Glass is one of the most attractive and valuable materials you'll discover in your home. Regrettably, it's also one of the most vulnerable. Anyone who has ever attempted to move a large piece of glass understands the importance of treating it with care and attention. It's critical to be able to move glass objects if you're going to move to a new home, whether it's across town or the country. Mirrors, glass-top tables, and decorative art, on the other hand, may appear to be one of your most difficult objects to pack and prepare.
As you already know, you risk breaking a piece of glass every time you move it. Because picture and clerestory windows, mirrors, and shower doors are frequently custom pieces, they might take a long time to replace if they break. Whether you're doing it yourself or keeping a watch on a new worker, the important words for moving and installing glass are smart, safe, and slow. When it comes to moving, staging, and storage, there are a few things to keep in mind.
Make a route plan.
Know how you'll transport the glass from the truck to the installation location. Check the height of the doors and clear the route of any debris. Plan out turns and place wood blocks wherever the glass will be placed; a piece of glass should never touch the ground.
Proceed with caution.
Your spider senses should quiver if you observe a glazier running or moving quickly. In his mind, a competent glazier is always one step ahead, sketching out the glass's path of least resistance and anticipating potential breakage circumstances.
Make sure you're carrying the right way.
Glass is incapable of supporting its weight. Always carry it on its edge, as if it were drywall or plywood. Use a suction cup for your lower hand if the glass is heavy; use your upper hand as a guiding hand if the glass is light. Wear rubber-coated gloves at all times. Use a glass dolly if the road from the truck to the window is smooth.
Veribor is a subsidiary of Bohle ag, which specializes in the development, manufacture, and distribution of suction lifters. veribor's product line now comprises a variety of lifting and carrying devices, ranging from single-cup pump-activated suction lifters to industrial-grade lifting equipment capable of transporting several tons.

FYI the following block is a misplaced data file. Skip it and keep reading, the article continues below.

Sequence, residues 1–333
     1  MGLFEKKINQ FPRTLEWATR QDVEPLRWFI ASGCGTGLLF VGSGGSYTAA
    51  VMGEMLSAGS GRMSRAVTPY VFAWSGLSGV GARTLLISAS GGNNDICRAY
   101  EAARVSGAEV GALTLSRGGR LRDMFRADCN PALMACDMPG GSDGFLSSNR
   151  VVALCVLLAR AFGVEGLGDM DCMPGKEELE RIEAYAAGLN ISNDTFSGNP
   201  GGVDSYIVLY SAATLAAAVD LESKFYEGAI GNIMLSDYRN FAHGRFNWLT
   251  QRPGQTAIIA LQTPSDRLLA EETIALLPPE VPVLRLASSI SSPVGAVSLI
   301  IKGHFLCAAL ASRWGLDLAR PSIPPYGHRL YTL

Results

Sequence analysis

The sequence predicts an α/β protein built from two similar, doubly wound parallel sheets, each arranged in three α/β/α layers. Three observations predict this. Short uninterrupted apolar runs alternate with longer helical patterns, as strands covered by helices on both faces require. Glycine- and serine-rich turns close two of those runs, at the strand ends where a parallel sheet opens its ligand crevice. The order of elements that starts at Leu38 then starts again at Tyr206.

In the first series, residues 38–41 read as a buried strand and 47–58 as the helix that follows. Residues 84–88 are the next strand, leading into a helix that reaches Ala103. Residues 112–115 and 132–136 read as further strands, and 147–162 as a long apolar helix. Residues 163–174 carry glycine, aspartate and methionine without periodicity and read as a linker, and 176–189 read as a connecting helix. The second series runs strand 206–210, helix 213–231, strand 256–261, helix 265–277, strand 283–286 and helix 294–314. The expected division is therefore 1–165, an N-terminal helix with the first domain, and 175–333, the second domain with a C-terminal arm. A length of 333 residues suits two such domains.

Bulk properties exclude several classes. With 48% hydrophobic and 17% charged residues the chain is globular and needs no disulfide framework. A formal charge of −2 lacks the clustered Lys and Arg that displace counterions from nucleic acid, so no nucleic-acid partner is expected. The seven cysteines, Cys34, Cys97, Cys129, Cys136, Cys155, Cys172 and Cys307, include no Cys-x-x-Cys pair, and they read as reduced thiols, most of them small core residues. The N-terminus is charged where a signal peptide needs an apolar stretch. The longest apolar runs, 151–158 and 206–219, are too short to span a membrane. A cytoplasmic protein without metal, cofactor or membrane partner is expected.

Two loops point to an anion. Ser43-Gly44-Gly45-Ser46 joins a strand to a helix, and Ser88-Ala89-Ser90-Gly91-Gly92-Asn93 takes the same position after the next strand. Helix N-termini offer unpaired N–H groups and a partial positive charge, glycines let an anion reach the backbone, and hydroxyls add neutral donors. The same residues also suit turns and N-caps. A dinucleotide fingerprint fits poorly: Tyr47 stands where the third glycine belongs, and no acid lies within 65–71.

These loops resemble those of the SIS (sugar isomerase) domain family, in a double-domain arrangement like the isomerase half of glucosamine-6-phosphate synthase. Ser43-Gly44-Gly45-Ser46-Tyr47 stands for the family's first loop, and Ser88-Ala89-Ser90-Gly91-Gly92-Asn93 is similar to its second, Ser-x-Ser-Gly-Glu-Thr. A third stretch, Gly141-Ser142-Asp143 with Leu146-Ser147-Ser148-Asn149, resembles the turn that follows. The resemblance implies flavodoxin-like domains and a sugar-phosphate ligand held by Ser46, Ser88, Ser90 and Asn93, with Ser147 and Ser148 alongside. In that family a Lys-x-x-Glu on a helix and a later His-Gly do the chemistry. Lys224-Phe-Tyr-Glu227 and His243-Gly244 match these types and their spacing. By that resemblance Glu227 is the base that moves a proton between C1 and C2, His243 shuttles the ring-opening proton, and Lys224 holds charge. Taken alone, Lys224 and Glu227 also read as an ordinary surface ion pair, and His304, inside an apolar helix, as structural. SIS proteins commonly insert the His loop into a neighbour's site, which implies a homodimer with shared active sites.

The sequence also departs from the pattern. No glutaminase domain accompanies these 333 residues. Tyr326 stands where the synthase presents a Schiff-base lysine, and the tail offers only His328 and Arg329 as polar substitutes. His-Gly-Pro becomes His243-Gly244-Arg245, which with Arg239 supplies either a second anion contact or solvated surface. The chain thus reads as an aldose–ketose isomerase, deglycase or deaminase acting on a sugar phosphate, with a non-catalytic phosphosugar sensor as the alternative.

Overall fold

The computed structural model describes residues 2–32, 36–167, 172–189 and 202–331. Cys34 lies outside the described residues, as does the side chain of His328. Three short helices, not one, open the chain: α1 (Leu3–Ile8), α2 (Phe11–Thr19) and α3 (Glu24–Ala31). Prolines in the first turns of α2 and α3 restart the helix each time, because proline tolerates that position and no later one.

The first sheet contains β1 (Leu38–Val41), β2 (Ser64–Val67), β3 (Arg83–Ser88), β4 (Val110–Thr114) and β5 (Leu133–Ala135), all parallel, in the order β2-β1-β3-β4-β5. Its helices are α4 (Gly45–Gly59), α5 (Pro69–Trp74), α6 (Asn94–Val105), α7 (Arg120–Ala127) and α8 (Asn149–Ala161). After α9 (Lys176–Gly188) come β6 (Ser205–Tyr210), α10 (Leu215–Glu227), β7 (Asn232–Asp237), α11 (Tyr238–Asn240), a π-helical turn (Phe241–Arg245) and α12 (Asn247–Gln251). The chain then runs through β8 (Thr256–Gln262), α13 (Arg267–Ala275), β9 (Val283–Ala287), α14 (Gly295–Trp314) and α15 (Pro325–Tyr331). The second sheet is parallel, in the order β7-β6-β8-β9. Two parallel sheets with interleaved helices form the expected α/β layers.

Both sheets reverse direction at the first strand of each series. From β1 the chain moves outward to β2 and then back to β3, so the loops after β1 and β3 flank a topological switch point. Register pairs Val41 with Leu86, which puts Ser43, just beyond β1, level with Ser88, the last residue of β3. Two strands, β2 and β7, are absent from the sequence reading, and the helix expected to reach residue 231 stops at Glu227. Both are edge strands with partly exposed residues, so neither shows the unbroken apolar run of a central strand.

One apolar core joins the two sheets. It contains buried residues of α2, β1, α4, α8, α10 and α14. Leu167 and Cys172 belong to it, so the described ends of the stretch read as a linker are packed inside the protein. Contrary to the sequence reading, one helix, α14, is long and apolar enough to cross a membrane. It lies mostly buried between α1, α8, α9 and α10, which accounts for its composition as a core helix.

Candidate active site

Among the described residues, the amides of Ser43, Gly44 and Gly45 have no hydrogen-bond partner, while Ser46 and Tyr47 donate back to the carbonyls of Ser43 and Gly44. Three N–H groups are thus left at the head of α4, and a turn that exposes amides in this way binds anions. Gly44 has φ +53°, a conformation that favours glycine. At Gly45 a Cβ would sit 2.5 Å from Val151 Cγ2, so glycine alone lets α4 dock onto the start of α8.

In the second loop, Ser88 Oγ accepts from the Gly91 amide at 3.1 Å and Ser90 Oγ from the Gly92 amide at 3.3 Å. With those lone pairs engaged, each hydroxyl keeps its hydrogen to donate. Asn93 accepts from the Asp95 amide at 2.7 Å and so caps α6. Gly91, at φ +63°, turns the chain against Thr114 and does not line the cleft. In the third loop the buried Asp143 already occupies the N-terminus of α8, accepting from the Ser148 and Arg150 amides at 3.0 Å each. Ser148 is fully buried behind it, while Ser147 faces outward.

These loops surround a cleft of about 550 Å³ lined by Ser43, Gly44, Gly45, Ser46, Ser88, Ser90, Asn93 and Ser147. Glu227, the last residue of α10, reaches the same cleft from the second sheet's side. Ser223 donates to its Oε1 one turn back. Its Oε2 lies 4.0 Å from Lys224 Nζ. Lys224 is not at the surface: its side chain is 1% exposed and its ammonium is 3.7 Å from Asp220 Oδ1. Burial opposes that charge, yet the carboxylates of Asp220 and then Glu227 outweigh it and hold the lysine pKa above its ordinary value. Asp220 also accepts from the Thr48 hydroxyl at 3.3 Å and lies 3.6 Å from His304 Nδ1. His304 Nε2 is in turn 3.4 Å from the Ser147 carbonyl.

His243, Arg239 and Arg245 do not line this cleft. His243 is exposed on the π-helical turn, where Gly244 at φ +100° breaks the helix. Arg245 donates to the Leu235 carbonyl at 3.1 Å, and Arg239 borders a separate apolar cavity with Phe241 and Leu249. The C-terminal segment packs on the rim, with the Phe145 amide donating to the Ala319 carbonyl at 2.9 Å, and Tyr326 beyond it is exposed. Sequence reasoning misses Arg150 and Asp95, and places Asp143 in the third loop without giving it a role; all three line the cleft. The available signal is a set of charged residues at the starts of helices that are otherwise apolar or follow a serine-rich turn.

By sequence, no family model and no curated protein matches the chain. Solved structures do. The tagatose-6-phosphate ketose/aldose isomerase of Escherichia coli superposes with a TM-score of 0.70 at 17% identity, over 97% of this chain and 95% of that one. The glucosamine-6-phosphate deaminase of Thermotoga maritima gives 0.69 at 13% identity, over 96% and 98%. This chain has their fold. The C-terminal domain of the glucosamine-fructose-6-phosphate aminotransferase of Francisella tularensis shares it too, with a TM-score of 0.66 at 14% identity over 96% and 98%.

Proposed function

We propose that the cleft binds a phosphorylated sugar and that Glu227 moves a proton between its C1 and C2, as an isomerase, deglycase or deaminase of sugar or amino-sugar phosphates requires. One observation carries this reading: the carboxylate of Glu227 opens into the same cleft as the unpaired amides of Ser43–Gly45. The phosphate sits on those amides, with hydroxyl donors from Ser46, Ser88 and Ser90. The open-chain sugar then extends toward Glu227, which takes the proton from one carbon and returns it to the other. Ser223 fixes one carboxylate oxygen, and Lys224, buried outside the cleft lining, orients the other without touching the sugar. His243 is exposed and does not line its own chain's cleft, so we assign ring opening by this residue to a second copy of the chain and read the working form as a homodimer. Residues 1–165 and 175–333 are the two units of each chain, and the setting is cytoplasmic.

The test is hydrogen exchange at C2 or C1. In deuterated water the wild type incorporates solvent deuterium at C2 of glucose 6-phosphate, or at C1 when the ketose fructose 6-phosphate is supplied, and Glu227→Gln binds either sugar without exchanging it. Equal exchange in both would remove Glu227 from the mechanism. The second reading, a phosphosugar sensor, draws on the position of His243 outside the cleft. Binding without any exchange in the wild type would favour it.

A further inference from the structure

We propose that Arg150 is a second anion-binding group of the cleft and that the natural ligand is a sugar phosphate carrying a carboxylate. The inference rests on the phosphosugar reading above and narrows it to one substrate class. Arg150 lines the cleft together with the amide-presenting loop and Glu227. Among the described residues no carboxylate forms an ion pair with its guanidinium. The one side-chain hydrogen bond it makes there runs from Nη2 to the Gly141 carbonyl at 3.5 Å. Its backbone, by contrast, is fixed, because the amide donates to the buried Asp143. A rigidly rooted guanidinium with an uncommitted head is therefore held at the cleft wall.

The Veribor glass lifter is suitable for Carrying capacity from 25 kg up to 120kg, Carrying direction both parallel and horizontal, as well as lifting other materials.
The Veribor glass lifter has several models. There are some with one suction cup, ideal for small surfaces and made of plastic. The 2 cup Veribor glass lifter is suitable for larger and weightier items. The 3 cup model is also made of sturdy plastic and has an even higher carrying capacity.
To use, the Veribor glass lifter must be firmly pressed into the matching surface, with the suction pad relaxed. When you pull the lever, the resistance generated by the vacuum will be immediately apparent.
Another suction glass lifter you might want to consider for the job is the GRABO. The GRABO was invented and developed by Nemo Power Tools Limited, a leading developer of various premium power tools for professionals in multiple industries. Nemo Power Tools is based in Hong Kong, with engineering design and sales offices in Israel, the USA, and Australia. It is a cordless suction cup lifting device that operates using an electric vacuum pump to achieve a high level of suction, securing it to almost any surface.
The GRABO Electric Vacuum Lifter is easy to operate – it features two buttons, a green one for simple on/off operation of the vacuum pump and a red one for quick release of the suction pad. It is better than Veribor in many ways.
The kitchen is most usually where you'll find the smallest and most plentiful glass things. Although it may be tempting to wrap drinking glasses and dishes in bubble wrap, experts advise against it. This is because the packaging material takes up too much space. Instead, stuff each item loosely with packing paper or newspaper and crumple the excess around the outside. Without the added weight of bubble wrap, this generates enough air pockets to cushion them. Seal the bottom of a tall box with a lot of packing tape — you don't want anything to fall out when you lift it — and then stack your dishes inside. These will be heavy items.
Packing mirrors and picture frames
Small mirrors and picture frames can be packed together to make things easier if you take certain precautions first. Make a "Y" with an artist's or painter's tape over the glass insert. Cut a piece of cardboard slightly larger than the glass and use the same tape to secure the frame. Wrap it in bubble wrap or packing paper to protect it. Then, using packing paper or foam sheets, line the bottom of a box and slip each piece into it so that the frames stand upright. If there is any spare space between objects, pack it with paper to protect them from shifting about during the journey.
Always label boxes holding glass objects with the words "GLASS" or "FRAGILE," regardless of what you're shipping. To keep flat glass goods from shattering, write "DO NOT LAY FLAT" on both sides. When you're moving, it's easy to lose track of what's in which carton, which can cause a lot of stress.